Today in History
Today is Friday, Sept. 11, the 255th day of 2020. There are 111 days left in the year.
Today’s Highlight in History:
On September 11, 2001, nearly 3,000 people were killed as 19 al-Qaida hijackers seized control of four jetliners, sending two of the planes into New York’s World Trade Center, one into the Pentagon and the fourth into a field in western Pennsylvania.
On this date:
In 1777, during the American Revolution, forces under Gen. George Washington were defeated by the British in the Battle of Brandywine.
In 1789, Alexander Hamilton was appointed the first U.S. Secretary of the Treasury.
In 1814, an American fleet scored a decisive victory over the British in the Battle of Lake Champlain in the War of 1812.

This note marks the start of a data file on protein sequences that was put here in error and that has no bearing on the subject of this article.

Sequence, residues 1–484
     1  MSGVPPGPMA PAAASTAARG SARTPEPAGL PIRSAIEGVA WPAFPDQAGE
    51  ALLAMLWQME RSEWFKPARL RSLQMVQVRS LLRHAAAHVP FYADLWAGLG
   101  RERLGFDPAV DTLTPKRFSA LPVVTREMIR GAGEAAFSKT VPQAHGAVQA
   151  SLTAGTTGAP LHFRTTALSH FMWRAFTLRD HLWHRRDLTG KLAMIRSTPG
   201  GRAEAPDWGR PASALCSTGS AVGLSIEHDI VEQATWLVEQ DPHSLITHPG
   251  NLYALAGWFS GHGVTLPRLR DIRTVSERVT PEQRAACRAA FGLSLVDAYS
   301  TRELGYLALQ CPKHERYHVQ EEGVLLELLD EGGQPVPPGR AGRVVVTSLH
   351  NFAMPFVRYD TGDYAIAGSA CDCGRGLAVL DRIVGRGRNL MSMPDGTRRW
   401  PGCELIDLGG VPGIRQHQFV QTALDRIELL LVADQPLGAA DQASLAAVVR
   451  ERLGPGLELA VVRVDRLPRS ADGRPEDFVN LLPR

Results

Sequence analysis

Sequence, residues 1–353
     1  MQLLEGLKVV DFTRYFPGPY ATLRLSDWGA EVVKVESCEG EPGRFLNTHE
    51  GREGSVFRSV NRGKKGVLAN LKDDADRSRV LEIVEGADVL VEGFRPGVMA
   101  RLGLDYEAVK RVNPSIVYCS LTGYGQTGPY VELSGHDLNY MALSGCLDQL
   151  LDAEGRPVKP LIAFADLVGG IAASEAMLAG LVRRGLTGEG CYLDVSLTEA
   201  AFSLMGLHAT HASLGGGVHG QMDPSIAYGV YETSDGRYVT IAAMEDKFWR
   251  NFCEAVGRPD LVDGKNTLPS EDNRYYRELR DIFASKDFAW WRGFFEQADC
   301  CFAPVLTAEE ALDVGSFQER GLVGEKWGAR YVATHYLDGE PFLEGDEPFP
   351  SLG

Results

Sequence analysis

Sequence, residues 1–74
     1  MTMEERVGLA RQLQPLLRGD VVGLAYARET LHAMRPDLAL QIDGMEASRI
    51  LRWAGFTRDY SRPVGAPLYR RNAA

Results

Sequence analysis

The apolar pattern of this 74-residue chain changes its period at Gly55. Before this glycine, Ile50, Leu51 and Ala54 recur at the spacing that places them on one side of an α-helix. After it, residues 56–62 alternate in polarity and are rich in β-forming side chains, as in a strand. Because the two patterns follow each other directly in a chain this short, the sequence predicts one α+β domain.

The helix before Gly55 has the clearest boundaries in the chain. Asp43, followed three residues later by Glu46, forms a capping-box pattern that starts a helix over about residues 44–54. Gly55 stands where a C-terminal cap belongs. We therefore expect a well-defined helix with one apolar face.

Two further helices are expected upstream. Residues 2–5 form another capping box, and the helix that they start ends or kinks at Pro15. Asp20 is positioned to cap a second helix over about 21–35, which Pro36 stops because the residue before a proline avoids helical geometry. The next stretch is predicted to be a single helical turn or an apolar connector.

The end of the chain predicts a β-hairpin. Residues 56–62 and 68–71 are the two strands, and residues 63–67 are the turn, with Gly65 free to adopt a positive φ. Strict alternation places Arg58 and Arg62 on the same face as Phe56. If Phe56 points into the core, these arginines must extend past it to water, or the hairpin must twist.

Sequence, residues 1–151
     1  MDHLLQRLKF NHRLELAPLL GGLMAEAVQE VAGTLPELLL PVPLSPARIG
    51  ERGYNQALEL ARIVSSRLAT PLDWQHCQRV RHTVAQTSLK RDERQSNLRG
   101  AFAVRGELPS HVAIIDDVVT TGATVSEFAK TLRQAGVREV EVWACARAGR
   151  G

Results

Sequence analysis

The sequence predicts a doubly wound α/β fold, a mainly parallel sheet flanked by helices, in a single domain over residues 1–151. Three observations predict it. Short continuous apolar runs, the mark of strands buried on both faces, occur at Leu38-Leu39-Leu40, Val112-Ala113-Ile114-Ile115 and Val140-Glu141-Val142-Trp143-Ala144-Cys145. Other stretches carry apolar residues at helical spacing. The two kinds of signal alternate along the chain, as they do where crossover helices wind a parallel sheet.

In 1885, author D.H. Lawrence was born in Eastwood, Nottinghamshire, England.
In 1936, Boulder Dam (now Hoover Dam) began operation as President Franklin D. Roosevelt pressed a key in Washington to signal the startup of the dam’s first hydroelectric generator.
In 1941, groundbreaking took place for the Pentagon. In a speech that drew accusations of anti-Semitism, Charles A. Lindbergh told an America First rally in Des Moines, Iowa, that “the British, the Jewish and the Roosevelt administration” were pushing the United States toward war.
In 1972, the troubled Munich Summer Olympics ended. Northern California’s Bay Area Rapid Transit system began operations.
In 1973, Chilean President Salvador Allende (ah-YEN’-day) died during a violent military coup.